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Cholecystitis in otters (Lutra lutra) and mink (Mustela vison) caused by the fluke Pseudamphistomum truncatum
  1. V. R. Simpson, BVSc, DTVM, CBiol, FIBiol, HonFRCVS1,
  2. L. M. Gibbons, BSc, PhD, CBiol, FIBiol2,
  3. L. F. Khalil, BSc, PhD, DAP&E3 and
  4. J. L. R. Williams4
  1. 1Wildlife Veterinary Investigation Centre, Chacewater, Truro, Cornwall TR4 8PB
  2. 2Department of Pathology and Infectious Diseases, Royal Veterinary College, University of London, Hawkshead Lane, North Mymms, Hatfield, Hertfordshire AL9 7TA
  3. 3Department of Biodiversity, University of Limpopo, Private Bag X1106, Sovenga, 0727, South Africa
  4. 4Stoford Manor, West Buckland, Wellington, Somerset TA21 9LS

Abstract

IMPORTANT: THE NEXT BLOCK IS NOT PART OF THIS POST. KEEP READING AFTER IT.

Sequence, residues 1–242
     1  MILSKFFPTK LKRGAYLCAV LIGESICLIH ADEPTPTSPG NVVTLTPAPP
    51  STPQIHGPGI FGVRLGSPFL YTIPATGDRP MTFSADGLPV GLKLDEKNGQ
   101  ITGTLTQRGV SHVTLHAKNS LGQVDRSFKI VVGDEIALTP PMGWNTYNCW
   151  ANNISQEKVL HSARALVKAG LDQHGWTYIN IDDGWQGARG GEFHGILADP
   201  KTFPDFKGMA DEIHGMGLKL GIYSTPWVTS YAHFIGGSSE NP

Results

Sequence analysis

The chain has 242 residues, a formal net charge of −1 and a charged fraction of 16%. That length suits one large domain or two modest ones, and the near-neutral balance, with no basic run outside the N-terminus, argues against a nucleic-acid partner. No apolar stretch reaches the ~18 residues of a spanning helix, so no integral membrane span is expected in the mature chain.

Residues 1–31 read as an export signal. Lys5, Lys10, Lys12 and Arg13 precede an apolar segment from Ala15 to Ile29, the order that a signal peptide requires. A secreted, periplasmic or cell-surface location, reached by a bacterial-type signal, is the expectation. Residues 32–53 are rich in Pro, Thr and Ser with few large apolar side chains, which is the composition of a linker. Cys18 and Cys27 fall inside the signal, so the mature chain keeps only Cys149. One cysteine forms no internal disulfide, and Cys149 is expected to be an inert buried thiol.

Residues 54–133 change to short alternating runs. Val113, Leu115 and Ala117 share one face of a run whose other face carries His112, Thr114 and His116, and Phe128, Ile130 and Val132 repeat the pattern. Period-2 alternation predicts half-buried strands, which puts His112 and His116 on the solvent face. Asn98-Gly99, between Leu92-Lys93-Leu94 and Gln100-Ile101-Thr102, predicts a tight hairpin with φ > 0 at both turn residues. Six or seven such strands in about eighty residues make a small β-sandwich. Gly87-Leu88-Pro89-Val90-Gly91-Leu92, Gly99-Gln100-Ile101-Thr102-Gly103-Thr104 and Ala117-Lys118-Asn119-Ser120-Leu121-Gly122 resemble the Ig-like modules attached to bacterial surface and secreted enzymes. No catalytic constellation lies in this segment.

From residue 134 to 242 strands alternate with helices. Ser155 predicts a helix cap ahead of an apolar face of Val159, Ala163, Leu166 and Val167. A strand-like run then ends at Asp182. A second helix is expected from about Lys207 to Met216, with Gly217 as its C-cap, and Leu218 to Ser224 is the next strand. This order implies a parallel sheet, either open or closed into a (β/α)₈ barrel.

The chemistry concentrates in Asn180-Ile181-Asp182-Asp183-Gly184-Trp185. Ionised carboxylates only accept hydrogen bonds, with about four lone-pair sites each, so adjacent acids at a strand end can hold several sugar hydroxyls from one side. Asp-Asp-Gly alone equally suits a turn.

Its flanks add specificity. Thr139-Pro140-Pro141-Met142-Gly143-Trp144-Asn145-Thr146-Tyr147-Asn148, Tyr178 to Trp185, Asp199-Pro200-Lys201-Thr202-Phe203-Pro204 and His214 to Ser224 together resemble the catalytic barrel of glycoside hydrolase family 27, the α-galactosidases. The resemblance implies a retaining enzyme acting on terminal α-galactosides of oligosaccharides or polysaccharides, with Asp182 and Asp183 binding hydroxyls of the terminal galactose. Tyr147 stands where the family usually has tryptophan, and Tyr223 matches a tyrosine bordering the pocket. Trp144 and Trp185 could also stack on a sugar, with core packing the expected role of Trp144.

Between 1988 and 2004, postmortem examinations were carried out on 445 otters found dead, mostly as a result of road traffic accidents, in southern and south-west England. Thickened, shrunken gall bladders were observed in 10 cases, the first in 2000 and the others between February 2002 and August 2004. A digenean fluke, Pseudamphistomum truncatum, was found in the gall bladders of three cases and also in three of seven American mink examined. Nine of the 10 otters and all the mink came from a localised area of Somerset, indicating that the fluke has become established in the local fish population. P truncatum has not been recorded previously in Britain, and the results suggest that it has been introduced recently, possibly in imported fish

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